The VA Disability process is often a very daunting task. Applications can be denied despite the applicant being entitled to and eligible to receive one or more veteran disability benefits.
The lawyers at Ascend Disability have helped countless veterans secure VA disability benefits and we are successful in dealing with complex cases that involve conditions and injuries that are difficult to prove.
Qualifying Disabilities For VA Benefits
To qualify for a VA disability benefit, you will need to have served in the U.S. Armed Forces, suffering from an injury or condition related to your service.
This will include illnesses and injuries that occurred while you were serving or when a “preexisting condition” has worsened caused by your service.
VA disability benefits also include the disabilities caused by a veteran’s military service that was only discovered after their service concluded.
What Injury Types Qualify For Veteran Disability Benefits?
Any type of debilitating injury typically qualifies for VA disability benefits. This can include a range of physical disabilities including:
- Chronic pain
- Serious hearing loss
- Loss-of-limb injuries
There are also psychological conditions that qualify. These include depression, anxiety, and PTSD. Unfortunately, many veterans do not consider these types of conditions to be a disability, even when they find it incredibly hard to live a social, active life, and retain meaningful employment.
How the Claim Process Works
The VA Disability Process involves the following steps:
As a veteran, you can either file the application on your own or ask for assistance. It is vital to ensure your “initial application” is filed correctly, since benefits will be awarded retroactively from the date that your initial claim was filed.
If they deny your application at the appeals or initial stage due to errors, you might need to start again with a completely new claim. This could result in you losing months or years of your retroactive benefits.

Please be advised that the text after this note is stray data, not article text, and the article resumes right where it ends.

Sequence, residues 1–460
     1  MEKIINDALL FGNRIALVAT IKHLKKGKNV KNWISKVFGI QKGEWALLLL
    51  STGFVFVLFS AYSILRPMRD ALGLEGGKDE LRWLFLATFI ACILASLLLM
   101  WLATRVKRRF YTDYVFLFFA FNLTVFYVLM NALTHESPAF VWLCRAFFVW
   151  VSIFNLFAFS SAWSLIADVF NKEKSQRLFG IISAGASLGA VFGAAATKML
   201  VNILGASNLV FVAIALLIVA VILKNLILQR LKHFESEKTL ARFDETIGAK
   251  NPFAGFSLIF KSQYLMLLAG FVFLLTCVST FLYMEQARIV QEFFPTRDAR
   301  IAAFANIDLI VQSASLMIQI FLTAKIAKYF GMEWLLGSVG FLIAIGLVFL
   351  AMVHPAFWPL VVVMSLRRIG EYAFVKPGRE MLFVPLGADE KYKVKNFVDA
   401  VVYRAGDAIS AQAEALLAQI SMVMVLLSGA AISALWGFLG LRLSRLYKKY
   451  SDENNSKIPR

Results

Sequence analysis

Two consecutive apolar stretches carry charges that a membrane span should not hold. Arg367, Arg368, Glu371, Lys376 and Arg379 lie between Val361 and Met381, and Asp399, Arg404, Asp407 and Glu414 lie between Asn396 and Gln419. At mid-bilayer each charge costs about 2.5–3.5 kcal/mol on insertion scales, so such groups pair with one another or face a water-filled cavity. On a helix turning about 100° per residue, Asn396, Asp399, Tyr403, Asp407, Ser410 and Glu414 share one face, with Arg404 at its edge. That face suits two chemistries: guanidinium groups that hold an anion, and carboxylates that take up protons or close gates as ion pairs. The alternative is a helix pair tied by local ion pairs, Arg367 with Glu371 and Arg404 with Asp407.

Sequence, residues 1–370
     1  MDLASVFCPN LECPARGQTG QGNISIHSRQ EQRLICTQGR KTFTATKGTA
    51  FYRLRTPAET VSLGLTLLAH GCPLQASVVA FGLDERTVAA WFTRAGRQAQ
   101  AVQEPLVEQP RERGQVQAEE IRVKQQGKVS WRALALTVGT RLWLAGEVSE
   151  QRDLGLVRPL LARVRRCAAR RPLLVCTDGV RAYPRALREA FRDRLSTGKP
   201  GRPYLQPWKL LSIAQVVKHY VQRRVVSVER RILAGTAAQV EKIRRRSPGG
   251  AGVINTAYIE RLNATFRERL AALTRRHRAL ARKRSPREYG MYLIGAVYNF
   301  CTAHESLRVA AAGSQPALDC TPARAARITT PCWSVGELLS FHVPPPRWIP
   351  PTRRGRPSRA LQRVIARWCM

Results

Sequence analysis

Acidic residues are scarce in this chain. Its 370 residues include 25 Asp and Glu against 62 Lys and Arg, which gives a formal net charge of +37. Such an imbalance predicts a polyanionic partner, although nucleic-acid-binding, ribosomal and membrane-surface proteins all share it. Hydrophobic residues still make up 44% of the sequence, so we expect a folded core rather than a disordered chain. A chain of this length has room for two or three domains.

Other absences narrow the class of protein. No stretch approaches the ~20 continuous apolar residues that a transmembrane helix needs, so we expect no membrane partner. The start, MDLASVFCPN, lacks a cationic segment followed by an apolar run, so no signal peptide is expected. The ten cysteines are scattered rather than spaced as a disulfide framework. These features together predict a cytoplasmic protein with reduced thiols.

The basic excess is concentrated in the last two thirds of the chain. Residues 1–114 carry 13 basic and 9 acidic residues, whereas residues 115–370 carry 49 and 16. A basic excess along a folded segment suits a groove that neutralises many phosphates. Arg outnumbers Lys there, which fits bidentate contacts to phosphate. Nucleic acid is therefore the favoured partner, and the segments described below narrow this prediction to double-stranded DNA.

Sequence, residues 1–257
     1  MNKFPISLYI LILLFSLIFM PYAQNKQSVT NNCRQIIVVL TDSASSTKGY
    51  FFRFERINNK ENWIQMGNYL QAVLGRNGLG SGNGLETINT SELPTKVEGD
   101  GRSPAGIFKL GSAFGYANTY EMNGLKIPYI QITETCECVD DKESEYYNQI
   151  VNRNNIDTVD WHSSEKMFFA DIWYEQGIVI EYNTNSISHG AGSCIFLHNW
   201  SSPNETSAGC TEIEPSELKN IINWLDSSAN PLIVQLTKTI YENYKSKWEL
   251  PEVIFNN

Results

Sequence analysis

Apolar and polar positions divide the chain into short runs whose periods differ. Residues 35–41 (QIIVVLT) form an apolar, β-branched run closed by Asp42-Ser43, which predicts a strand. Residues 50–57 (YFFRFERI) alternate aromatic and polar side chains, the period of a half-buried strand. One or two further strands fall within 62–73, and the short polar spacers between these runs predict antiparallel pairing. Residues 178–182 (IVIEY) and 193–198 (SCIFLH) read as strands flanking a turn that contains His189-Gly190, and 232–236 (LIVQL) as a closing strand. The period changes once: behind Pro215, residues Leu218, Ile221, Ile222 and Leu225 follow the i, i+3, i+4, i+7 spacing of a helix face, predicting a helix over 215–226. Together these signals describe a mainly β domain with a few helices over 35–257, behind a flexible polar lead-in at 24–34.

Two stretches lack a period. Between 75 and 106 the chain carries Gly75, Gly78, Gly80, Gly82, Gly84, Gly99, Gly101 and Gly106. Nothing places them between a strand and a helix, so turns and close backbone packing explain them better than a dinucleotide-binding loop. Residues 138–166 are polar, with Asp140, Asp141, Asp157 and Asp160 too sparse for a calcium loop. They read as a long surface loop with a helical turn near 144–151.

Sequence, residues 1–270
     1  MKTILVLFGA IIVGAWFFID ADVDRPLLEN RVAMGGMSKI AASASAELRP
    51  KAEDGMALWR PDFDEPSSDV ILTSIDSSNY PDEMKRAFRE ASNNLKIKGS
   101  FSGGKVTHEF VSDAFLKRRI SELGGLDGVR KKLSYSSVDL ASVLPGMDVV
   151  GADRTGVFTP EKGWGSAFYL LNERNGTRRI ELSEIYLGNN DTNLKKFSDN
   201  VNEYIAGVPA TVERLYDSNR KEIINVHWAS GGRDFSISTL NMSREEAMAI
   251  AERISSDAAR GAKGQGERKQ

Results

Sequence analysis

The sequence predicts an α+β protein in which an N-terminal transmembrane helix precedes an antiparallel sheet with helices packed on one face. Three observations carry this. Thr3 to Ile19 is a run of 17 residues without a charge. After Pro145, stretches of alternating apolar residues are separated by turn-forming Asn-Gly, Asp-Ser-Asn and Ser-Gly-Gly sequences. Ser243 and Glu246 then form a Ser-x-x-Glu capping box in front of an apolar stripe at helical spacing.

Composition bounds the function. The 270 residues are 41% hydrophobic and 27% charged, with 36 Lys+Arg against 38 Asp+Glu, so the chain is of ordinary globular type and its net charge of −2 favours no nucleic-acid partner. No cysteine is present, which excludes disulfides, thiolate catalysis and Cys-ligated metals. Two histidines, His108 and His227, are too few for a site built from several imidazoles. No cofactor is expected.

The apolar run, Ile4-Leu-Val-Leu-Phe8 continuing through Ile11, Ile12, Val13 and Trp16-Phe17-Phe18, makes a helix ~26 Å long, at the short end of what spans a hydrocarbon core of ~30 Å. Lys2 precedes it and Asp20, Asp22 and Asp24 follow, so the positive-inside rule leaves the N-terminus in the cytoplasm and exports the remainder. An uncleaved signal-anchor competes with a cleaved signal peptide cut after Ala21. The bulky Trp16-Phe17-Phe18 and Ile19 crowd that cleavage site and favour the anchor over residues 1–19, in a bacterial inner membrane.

From here the BVA reviews the claim, gathers evidence, reviews all the evidence, makes a recommendation, and then reviews the recommendation. After this, they will decide on a disability rating as well as the benefit amount (if any) to award.
At any stage in this process, the BVA may decide that more evidence will be needed, which will return your claim to the stage of gathering information.
3.) Denial Or Acceptance Of The Initial Application
If the BVA (Bureau of Veterans Affairs) denies your claim, you are permitted to appeal this decision within both the U.S. courts and the BVA, using this sequence:
- DRO (Decision Review Officer) or the BVA (Board of Veterans Appeals)
- U.S. Court of Appeals For Veterans Claims
- U.S. Court of Appeals For The Federal Circuit
- U.S. Supreme Court
4.) Notice Of Disagreement
The initial step involved in the BVA Disability Appeals process involves filing a “notice of disagreement”. You have the choice of choosing to have your case reviewed by either the Board of Veterans Appeals or the DRO (Decision Review Officer) within the VA.
If you have a complex case, Ascend Disability suggests that your case should be taken to the Board of Veterans Appeals. Every case is unique which is why you should hire an attorney that has extensive experience in the veteran’s disability appeals and claims process.
What To Do If You Are Denied Your VA Benefits?
You may be under the assumption that after receiving a denial letter that there is nothing left to do. However, if you have received a letter that denies your claim, you have a year in which to file an appeal.
The appeals process is often complicated and usually leads to much frustration, but it is vital to file an appeal as soon as possible. You should also ensure your appeal is handled and prepared correctly to increase the likelihood of success.
This is why it is important to work with the right VA disability lawyers. The VA might not offer the resources most veterans require to navigate and understand these processes, but Ascend Disability is standing by to help.
Before abandoning your VA disability claim, here are the steps you need to follow for another chance to receive the assistance you deserve:
Submit A NOD (Notice of Disagreement) For Review
If your VA claim was denied, you need to file an appeal quickly. Using the VA form 21-0958 your Notice of Disagreement can be filed with the VA which will appeal the original claim.
When this form is filed, this will initiate a brand-new claims process with the BVA (Board of Veteran Appeals) or a DRO (Decision Review Officer).
Contact A Skilled Veterans Disability Lawyer
Appeals processes are complex. It is important to hire a professional lawyer so they can collect evidence, file necessary paperwork and begin the appeal process.
You can prevent potential frustration and headaches and make sure that the claim that was denied is reversed on the first try.
Ascend Disability Lawyers frequently deals with veteran appeals. We are focused on working hard to make sure each of the clients that we work with gets the compensation and respect they rightly deserve.
If you were denied benefits during the VA Disability Process, and you require legal assistance, contact Ascend Disability today at (855) 445-9787 to book a consultation with one of our experienced VA disability lawyers.